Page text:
Rome seems to have its own gravitational pull, attracting not only millions of tourists each year, but also the most creative artists and thinkers of every era. All that surrounds a visitor in Rome—the stunning art and architecture, the terrible traffic, the grandeur of scale and the lively (almost hyper-animated) citizens—guarantees an unforgettable trip.
Known as "The Eternal City," Rome is a supreme palimpsest. The ruins of pagan temples have become the foundations of Christian churches, ancient theaters have been made into medieval family fortresses, and Corinthian columns support new walls. The ages are layered, one atop the other, but the flow of Roman life is ever forward, with a respect for its glorious past.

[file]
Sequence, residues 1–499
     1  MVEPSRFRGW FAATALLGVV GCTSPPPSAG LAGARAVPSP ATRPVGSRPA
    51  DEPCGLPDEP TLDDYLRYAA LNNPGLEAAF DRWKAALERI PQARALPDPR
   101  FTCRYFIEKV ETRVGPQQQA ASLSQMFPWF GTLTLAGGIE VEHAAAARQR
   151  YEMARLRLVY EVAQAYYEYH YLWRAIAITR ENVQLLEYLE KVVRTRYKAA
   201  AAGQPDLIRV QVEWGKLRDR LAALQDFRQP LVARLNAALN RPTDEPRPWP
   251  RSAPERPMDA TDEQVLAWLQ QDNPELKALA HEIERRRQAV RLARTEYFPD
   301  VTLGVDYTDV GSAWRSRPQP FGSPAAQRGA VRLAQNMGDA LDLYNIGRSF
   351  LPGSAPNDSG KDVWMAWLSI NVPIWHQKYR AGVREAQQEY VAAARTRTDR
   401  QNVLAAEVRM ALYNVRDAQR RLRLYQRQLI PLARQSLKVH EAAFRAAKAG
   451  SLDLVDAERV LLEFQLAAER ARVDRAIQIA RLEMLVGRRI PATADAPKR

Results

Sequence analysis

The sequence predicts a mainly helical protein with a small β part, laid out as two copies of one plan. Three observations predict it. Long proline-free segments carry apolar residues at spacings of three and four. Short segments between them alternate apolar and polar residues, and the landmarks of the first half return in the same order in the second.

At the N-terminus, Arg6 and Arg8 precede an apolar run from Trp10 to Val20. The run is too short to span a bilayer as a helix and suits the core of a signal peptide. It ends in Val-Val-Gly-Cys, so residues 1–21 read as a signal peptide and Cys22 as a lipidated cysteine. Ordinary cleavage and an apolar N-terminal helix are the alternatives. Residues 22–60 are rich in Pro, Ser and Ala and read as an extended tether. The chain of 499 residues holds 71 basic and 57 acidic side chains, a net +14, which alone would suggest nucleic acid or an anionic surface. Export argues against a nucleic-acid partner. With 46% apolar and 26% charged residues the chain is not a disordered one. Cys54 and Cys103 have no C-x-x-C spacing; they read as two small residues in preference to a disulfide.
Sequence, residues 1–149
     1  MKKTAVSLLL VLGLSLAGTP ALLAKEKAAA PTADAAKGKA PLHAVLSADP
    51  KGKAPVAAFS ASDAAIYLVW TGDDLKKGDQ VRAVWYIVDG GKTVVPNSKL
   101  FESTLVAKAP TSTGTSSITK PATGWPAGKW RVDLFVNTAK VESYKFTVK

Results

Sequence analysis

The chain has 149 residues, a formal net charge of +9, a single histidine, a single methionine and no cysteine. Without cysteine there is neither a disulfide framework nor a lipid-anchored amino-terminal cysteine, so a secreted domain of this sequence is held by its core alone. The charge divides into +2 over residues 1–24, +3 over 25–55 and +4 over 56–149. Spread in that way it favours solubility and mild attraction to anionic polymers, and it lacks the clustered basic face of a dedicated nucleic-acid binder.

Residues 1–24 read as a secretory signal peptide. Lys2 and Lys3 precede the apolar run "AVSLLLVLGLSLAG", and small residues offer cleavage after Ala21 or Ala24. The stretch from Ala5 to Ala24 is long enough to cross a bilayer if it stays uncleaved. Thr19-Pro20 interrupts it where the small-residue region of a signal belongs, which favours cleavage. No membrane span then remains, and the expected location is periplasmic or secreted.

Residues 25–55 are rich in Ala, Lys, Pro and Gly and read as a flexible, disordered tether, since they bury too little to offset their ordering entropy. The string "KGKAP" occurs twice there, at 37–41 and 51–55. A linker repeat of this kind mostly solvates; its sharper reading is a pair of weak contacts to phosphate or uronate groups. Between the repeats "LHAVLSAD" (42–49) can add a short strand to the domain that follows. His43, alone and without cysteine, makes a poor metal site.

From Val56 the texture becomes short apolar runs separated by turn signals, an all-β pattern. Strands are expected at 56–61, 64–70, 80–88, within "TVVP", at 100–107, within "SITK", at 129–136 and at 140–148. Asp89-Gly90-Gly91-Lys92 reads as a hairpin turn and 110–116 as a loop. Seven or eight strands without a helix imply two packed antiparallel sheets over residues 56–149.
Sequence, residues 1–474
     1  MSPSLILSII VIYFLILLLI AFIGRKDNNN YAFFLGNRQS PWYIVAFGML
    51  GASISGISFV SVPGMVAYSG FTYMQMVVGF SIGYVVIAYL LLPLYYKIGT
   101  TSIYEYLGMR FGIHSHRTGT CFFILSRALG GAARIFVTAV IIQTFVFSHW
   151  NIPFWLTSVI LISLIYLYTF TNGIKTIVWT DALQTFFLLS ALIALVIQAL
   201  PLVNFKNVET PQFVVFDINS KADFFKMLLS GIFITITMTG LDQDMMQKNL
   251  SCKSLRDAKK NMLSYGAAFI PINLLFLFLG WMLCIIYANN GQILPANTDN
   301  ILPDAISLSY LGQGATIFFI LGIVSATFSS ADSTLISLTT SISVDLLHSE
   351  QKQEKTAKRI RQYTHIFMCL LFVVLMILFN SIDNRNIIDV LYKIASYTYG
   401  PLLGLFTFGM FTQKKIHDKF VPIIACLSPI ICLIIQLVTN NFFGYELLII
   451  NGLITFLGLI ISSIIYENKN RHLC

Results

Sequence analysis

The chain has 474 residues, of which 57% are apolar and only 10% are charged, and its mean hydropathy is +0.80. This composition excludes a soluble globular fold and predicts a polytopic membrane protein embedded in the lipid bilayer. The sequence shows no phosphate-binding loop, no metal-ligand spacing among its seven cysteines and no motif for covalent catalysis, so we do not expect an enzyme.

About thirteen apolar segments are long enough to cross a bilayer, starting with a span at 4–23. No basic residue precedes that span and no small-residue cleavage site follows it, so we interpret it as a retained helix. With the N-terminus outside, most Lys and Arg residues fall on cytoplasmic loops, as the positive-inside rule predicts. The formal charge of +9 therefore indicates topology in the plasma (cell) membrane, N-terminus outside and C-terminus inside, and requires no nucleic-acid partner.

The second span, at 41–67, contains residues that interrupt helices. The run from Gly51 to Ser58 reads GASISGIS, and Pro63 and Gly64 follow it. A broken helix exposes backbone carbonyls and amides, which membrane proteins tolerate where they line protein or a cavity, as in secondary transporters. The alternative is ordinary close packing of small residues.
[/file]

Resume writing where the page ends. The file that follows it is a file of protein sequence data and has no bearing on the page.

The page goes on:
Rome wasn't built in a day, so don't expect to see it in one. The historic center alone could absorb a week: the Michelangelo-designed Campidoglio, the Pantheon, the Palatine Hill and the Roman Forum, as well as the nearby Colosseum and Baths of Caracalla. The basilicas take a little longer because they are spread throughout the city.
If it's Rome's views you're after, climb up into the dome of St. Peter's or admire the panorama from the top of the Spanish Steps (better yet, from the Pincio Gardens above it) at sunset. Or survey the Forum at night from the Capitoline. Bustling, beautiful Rome, sprawling among its seven hills, is fascinating for both its ancient and its modern wonders.
Of course, not everyone immediately loves Rome: Some dislike the city's untidiness and seeming disorganization. But give la citta eterna a chance to charm, or else risk missing something magnificent.
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